Home inspectors do not climb on the roof, so they will need to access the attic through the attic hatch or through a ladder that is leaned up against the eaves of the roof. This is why it is important to keep your attic and ceilings clean. This prevents animals, bugs and birds from nesting or settling in your attic. It also helps you identify and repair any leaks or damage before they become serious.

If you have a shingle roof, it is especially important to inspect your attic after a heavy rain. It will be the easiest time to spot active leaks in the attic. The most common leak areas are around plumbing vents, dryer vents, bathroom vents and kitchen hood exhausts. Other areas of the roof that can leak are at or under the chimney, skylights, roof vents and the electrical service mast entry point. Leaking at these points can result in costly water damage to the roof and home interiors.

Inspect the Roof Structures

A trained roof inspector can spot a lot of structural issues based on how a roof is constructed. He will look for sagging or uneven planes on the roof, and he will look for signs of moisture buildup in the attic space as well as around vent pipes and chimneys. The inspector will also check the gutters, soffits and fascia to make sure they are free of damage or water leaks. The insulation of the attic will be inspected as well, since proper insulation will help to maintain a comfortable temperature inside the house and reduce energy costs.

One of the most common reasons for a home to experience leaks is from improperly installed or missing gutters and downspouts. These problems can allow rainwater to accumulate around the foundation of a house, which will eventually cause rot and other damage. A trained roof inspection professional will be able to identify these problem areas and advise homeowners about the best way to fix them.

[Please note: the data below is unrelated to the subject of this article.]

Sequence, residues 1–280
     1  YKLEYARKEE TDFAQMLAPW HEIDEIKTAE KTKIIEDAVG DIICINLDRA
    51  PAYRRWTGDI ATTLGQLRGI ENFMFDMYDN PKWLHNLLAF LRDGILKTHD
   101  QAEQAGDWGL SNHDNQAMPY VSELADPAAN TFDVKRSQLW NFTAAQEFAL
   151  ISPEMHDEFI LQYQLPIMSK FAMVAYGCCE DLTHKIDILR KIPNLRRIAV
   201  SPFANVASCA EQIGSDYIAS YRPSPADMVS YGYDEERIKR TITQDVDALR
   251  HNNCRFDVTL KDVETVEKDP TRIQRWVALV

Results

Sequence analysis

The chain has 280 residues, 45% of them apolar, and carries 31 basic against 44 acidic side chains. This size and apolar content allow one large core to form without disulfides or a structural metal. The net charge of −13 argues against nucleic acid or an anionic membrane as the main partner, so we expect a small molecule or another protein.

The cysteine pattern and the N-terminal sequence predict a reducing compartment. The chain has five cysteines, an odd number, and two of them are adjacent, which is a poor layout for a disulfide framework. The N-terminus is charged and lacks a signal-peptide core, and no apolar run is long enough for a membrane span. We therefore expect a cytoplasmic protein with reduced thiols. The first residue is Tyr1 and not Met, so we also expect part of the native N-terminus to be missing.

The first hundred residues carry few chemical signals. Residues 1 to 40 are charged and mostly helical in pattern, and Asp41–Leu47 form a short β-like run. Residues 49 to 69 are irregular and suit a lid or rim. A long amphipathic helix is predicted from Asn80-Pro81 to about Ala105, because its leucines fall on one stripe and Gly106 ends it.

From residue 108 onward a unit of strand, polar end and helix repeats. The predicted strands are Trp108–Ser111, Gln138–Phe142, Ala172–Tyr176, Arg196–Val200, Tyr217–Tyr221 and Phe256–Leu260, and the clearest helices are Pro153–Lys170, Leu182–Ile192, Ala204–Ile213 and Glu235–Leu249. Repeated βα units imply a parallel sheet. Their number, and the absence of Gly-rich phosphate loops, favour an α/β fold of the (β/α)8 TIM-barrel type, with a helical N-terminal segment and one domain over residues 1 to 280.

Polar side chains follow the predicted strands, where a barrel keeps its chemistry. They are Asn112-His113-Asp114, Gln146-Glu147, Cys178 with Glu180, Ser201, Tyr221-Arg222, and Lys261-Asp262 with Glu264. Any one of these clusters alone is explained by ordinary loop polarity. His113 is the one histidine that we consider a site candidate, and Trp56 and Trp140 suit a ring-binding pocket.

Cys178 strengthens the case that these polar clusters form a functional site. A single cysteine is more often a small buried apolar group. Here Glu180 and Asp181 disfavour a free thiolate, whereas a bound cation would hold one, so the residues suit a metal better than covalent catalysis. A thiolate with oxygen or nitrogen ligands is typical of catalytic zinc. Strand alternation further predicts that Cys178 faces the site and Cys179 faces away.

Other things that are inspected include the condition of the roof decking and frame, the drainage system and the penetration seals. Penetration seals are often used to cover holes caused by plumbing, electrical, TV or satellite equipment, air conditioning units and vents. The inspector will also examine the flashing at the points where these items enter a roof to prevent water damage.

The inspector will also look for sagging or loose shingles, which could be an indication of a roof leak. Missing granules, curling and splitting are also indicators of roof damage that should be repaired as soon as possible. The inspector will also look for fungus, mildew and moss on the roof surface. He will also inspect the vapor barrier for cracks, rips or gaps and will pay special attention to roof valleys, which can be a common location for leaks.

Although it may be tempting for a homeowner to climb on the roof to perform an inspection, it is important to leave this task to a trained professional. Stepping on a sloping or angled roof can be dangerous and any damage incurred may invalidate the roof warranty.